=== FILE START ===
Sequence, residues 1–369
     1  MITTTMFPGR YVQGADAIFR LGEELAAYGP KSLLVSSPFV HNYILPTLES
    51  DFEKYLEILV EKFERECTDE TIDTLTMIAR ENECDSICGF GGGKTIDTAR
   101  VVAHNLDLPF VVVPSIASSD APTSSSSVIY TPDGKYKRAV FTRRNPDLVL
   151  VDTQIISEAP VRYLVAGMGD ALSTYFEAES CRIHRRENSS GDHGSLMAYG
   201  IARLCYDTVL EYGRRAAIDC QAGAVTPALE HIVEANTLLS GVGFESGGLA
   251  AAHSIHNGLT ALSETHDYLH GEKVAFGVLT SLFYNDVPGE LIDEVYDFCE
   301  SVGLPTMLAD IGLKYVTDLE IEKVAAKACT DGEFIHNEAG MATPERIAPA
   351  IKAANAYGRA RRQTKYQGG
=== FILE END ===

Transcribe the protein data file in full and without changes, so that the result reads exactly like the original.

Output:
Sequence, residues 1–369
     1  MITTTMFPGR YVQGADAIFR LGEELAAYGP KSLLVSSPFV HNYILPTLES
    51  DFEKYLEILV EKFERECTDE TIDTLTMIAR ENECDSICGF GGGKTIDTAR
   101  VVAHNLDLPF VVVPSIASSD APTSSSSVIY TPDGKYKRAV FTRRNPDLVL
   151  VDTQIISEAP VRYLVAGMGD ALSTYFEAES CRIHRRENSS GDHGSLMAYG
   201  IARLCYDTVL EYGRRAAIDC QAGAVTPALE HIVEANTLLS GVGFESGGLA
   251  AAHSIHNGLT ALSETHDYLH GEKVAFGVLT SLFYNDVPGE LIDEVYDFCE
   301  SVGLPTMLAD IGLKYVTDLE IEKVAAKACT DGEFIHNEAG MATPERIAPA
   351  IKAANAYGRA RRQTKYQGG